Michael V. Prentiss grew up in Tacoma, Washington. With an affinity for math and background in working construction, he decided to pursue engineering when he came to WSU in 1961. After graduation in 1966, he headed to officer candidate school in the U.S. Navy. He was sent to Japan where he was “thrown in very quickly” and was soon overseeing hundreds of people on a variety of construction projects. In Japan, he also had his first experience in negotiating real estate deals. “I learned how to be good at being persuasive with people from a very different culture,” he said.
After serving in the military, Prentiss got accepted into Harvard Business School. Upon graduation, he had many career opportunities. Naturally, he says, he initially looked at the ones that paid the most. But, he eventually looked at learning opportunities and chose to work at a small development company in Atlanta, where he could get wide variety of hands-on experience in the development field.
After five years, he left and took a position with Cadillac-Fairview, a Canadian development company. There, he set up an office in the United States for the company, headquartered in Dallas. The only problem: he was the office. Prentiss calls the next six years the “most strenuous” of his career. In those rapid years of growth, Prentiss recalls sleeping with a towel by his bed because he often woke up sweating with worry. “My neck was out a mile,” he said.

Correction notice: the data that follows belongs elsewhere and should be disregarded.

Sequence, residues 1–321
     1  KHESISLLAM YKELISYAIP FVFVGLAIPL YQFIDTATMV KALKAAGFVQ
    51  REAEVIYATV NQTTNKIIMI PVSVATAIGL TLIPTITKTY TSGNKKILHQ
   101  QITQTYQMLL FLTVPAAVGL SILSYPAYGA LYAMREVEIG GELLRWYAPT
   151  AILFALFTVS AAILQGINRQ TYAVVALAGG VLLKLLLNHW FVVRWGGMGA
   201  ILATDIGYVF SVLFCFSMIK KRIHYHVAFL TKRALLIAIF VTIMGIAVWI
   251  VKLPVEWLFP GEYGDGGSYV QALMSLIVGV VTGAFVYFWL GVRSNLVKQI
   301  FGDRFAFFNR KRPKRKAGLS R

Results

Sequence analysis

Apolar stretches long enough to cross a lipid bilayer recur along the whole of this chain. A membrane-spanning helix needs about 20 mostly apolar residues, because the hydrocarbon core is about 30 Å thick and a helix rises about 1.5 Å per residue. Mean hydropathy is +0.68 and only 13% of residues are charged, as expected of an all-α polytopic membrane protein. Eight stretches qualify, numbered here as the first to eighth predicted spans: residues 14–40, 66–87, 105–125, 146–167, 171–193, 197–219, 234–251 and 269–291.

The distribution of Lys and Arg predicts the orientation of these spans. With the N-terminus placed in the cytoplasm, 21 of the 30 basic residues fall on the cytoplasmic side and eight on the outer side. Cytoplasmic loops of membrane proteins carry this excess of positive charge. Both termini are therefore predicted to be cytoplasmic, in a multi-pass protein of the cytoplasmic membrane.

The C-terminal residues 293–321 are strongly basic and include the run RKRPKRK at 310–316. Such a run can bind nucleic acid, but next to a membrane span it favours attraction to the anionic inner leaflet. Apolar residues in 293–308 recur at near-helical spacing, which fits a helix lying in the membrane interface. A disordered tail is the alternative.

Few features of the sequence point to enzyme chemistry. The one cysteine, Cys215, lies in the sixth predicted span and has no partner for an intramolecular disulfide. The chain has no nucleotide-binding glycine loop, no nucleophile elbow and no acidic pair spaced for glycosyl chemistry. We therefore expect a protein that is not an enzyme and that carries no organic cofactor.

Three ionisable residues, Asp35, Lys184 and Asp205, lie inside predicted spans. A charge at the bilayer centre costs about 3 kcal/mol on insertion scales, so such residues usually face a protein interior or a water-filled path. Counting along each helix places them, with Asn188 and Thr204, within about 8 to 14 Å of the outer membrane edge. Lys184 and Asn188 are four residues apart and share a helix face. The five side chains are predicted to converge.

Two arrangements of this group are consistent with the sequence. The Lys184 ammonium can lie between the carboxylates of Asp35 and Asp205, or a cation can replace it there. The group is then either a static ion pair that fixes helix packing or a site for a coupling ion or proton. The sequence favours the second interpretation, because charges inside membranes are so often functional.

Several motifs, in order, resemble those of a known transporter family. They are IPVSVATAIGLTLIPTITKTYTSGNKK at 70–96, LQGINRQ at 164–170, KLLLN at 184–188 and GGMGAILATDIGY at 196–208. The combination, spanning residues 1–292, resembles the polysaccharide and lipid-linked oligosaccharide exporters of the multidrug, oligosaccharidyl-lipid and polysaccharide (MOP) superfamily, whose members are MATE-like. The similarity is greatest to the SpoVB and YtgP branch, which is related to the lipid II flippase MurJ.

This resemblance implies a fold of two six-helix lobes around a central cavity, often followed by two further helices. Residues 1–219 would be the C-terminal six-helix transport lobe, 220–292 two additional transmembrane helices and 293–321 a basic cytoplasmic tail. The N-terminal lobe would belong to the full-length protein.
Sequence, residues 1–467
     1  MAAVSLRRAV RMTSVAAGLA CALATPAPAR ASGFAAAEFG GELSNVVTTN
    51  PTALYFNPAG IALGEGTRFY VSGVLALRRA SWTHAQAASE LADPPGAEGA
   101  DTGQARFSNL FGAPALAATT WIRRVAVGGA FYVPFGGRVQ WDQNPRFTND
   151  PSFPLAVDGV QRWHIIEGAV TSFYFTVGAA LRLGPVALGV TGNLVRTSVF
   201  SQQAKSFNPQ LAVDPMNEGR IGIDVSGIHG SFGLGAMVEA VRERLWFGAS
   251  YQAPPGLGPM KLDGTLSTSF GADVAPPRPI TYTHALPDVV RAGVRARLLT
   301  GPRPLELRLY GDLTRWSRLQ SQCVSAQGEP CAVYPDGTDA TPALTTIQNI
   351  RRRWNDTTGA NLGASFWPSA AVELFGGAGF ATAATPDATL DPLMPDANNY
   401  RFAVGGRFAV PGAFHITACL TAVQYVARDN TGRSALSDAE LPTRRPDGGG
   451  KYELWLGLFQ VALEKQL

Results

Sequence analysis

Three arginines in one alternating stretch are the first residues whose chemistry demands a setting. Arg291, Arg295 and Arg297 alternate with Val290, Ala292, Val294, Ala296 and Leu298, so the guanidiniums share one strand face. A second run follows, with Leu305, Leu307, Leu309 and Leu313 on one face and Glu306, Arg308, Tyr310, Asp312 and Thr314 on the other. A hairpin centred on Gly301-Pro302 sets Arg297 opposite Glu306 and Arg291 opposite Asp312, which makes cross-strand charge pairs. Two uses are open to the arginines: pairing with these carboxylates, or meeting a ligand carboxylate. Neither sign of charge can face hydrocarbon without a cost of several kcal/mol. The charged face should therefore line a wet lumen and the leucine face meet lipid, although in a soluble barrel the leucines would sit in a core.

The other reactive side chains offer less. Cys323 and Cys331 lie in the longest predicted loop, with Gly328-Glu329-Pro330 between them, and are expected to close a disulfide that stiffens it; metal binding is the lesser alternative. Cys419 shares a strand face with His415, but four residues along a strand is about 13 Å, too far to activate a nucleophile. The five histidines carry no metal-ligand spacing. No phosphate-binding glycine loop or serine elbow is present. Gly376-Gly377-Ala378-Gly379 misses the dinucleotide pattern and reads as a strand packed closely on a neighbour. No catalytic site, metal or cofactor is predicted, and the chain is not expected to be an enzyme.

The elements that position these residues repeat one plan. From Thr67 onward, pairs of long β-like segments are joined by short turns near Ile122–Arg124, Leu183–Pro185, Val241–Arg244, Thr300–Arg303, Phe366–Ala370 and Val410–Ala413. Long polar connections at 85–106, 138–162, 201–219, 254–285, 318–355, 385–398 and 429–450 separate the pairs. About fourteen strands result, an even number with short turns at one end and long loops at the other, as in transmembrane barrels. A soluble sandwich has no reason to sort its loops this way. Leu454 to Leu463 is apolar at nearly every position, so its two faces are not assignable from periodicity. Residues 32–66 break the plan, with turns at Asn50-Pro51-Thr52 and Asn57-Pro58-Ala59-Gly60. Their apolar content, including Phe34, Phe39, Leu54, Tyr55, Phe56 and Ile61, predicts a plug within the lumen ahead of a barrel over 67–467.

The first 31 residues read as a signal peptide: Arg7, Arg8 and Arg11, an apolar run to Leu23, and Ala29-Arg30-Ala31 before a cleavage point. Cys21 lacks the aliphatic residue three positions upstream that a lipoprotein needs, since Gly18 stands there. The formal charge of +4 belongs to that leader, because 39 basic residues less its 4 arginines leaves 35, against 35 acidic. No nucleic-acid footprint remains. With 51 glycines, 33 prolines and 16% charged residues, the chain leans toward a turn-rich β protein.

In 1986, the company was sold, and Prentiss ended up buying the U.S. division. The deal closed on Friday, October 16, 1987. On the following Monday, the stock market collapsed in the worst drop since the Depression. The assets that he had bought started to plummet as the real estate market suffered. In the next three years, nine out of the ten largest banks in Texas failed. With 256 employees, Prentiss quickly had to figure out new ways to generate income. “We had to fight for everything and find other ways to keep our business going.” The next eight years remained lean, but eventually the economy began to improve.
In 1996, Prentiss Properties became a publicly-traded company. Today, the company has 540 employees and $3 billion in assets.
Advice to Students
“You have to have a passion about what you’re doing. If you just want to make money, that’s the worst goal you can have. If you don’t care, you’re not going to do well.”
Prentiss emphasized that a person’s “track record” is most important in establishing oneself as an entrepreneur. In his case, those who were interested in hiring him could see his success: He had gotten buildings built and had filled them. “Capital will come once you get the experience,” he said. “I would rather have someone paying me to learn the business and learn it well before I risk my own capital.”
Understanding one’s strengths and weaknesses is also necessary for business success, says Prentiss. In his case, Prentiss stepped down as CEO of the company when it went public. As chair of the board, he remains active in negotiating real estate transactions, where his strength lies.
Entrepreneurs have to be risk takers, he said. At the same time, though, while they hope for the best, they also need to prepare for the worst. “You have to make sure that you don’t grow too quickly. Make a realistic assessment and don’t get overextended to the point where you can’t solve it.”
Finally, Prentiss recommends that students finish their undergraduate degree, pause, take a deep breath, and then consider going to business school.
“I know your father may not agree with this, but this isn’t a track meet. Enjoy life when you’re young. Once you are on that career track, it’s hard to get off.”
Michael V. Prentiss